† Mayquez visited Talma as soon as he reached Paris. An anecdote is related that does honour to both. We believe it substantially correct, although we cannot certify it to be so. It is said that Talma received Mayquez with great cordiality, and requested him to recite some passage from a Spanish tragedy, in order to give an idea of his powers as an actor. It must be observed that all the conversation passed through the medium of an interpreter, as neither of the principals could speak the language of the other. Mayquez delivered about twenty lines of the Numancia (a tragedy of Ayala's); and such was the expression of his features, the

general, with what was only conceded to the particular circumstances of national manners and habits, or to the structure even of French versification. He selected, accordingly, that only which was adapted for representation in Spain, hispanizing (if we may be allowed the term) whatever he found it convenient to transport with him. We may add moreover, from his own declaration, that in all which concerns scenie decoration, the interior service of a theatre, and accurate imitation in costume, he profited much by his journey.

The return of Mayquez io Madrid, after an absence of ten months, was marked by the most brilliant success. His acting produced an enchantment of delight. People affected to discern at once that Talma had been his instructor. His refined manners, his dignity on the stage, plainly denoted one who had inhaled the air of the fauxbourg St. Germain. There alone was the knowledge to be acquired how to present oneself before the world. The very dress of the newly adopted favourite bespoke a derivation from the Rue Vivienne; and finally the fair sex voted his face more handsome and more animated since it had been immersed in the limpid waters of the Seine. To doubt of this was a sacrilege—the sex were so rarely deceived in their opinions of physiognomy, in the case of men! Mayquez, who adhered to the familiar style of acting, thus acquired a popularity which not all the arguments and the criticism of a Luzan, a Velasquez, or a Mayans-nor the declared patronage of the ministry,—nor even the masterpieces of a Moratin had availed to excite. It was then that classic comedy gained ground in Spain, for it was then only that the taste for its representation became generalised amongst all ranks of society, that players learned to embody it with propriety, and that poets were enabled to write in that style, without fear of committing themselves, or of being misunderstood.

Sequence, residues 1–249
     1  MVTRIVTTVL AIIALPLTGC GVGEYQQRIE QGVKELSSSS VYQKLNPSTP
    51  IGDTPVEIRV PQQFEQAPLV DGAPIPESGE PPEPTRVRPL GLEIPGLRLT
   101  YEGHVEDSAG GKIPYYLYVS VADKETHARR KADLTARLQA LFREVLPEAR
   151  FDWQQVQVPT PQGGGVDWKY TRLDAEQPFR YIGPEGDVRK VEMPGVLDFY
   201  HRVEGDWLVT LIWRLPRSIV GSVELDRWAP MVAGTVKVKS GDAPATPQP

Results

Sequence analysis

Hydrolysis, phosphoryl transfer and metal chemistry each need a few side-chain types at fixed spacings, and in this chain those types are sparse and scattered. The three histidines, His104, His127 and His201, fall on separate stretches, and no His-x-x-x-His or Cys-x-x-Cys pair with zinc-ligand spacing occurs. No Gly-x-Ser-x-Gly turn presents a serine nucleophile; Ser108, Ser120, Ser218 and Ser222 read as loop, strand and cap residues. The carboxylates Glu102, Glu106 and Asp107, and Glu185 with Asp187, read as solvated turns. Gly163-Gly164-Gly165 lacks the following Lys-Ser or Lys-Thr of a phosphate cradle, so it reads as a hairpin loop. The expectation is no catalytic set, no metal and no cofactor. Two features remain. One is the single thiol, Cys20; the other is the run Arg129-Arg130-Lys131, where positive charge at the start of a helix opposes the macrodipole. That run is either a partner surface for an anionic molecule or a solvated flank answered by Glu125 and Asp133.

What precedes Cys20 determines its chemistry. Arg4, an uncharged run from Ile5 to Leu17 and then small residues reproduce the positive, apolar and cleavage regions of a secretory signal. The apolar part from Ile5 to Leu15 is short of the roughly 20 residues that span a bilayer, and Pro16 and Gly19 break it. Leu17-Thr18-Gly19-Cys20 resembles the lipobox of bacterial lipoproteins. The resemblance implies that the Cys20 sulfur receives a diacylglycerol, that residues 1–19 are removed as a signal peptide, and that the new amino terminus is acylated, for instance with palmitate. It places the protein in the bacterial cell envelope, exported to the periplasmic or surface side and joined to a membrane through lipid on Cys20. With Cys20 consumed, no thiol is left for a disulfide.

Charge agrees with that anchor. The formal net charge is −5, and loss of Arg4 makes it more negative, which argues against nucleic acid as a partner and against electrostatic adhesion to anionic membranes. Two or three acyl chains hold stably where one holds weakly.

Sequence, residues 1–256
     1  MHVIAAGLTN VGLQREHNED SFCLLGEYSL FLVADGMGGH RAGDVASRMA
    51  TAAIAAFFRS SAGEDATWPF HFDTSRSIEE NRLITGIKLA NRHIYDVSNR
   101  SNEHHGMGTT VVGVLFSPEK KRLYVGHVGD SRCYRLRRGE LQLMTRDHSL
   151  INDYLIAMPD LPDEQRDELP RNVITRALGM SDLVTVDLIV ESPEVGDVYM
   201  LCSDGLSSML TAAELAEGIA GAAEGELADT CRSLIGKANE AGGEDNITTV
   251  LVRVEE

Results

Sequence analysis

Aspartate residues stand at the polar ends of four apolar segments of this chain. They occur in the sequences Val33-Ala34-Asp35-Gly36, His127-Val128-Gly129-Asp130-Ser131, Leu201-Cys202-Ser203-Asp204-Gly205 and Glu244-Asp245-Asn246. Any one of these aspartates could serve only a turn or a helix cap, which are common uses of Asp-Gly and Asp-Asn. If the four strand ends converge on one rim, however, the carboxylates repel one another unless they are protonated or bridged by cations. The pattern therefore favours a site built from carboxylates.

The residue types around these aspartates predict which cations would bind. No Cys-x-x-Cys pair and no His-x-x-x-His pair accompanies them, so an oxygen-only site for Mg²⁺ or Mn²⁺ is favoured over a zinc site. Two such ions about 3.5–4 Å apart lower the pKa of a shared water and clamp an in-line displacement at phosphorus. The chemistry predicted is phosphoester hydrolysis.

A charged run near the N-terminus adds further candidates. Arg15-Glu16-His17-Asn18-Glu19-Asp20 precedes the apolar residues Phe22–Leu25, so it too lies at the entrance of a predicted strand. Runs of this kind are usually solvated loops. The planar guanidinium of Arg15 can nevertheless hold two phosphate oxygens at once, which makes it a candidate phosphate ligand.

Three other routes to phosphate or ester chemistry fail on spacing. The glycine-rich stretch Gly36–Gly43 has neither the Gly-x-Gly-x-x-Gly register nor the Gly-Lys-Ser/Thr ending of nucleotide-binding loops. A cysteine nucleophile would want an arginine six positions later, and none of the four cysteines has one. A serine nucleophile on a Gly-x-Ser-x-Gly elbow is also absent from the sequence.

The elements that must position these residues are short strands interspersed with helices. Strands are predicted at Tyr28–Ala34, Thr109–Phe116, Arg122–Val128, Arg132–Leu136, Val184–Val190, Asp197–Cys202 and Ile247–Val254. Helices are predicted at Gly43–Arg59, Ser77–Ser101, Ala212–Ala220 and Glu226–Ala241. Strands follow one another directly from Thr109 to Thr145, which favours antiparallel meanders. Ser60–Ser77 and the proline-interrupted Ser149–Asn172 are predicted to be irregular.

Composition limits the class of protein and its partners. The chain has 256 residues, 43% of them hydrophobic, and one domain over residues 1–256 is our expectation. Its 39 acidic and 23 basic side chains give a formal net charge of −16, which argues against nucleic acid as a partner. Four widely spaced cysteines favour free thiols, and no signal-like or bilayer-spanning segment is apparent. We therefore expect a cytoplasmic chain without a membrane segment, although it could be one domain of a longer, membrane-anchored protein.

To the same period (that of Mayquez's return) may be assigned the custom of the daily representation of tragedy. Its performance had, till then, been usually very rare, and equally wretched. The same manner of recitation and decoration had been applied to it, and even the same carelessness of costume, as in the exhibition of comedy. Mayquez was not only superior in tragic parts, he was the inventor of Spanish declamation ; the founder of a school altogether new and national.* The prosperous opening which he made, encouraged authors to cultivate a branch of literature hitherto almost exotic in Spain. We have already noticed that only two tragedies (the Raquel, and the Numancia,) had maintained their place on the list of the Repertory, and shall presently enquire what are those that may be added, up to the period of this essay, after we have said a few words about the tragedies of M. Cienfuegos, printed, with his other poetical writings, towards the end of the last century.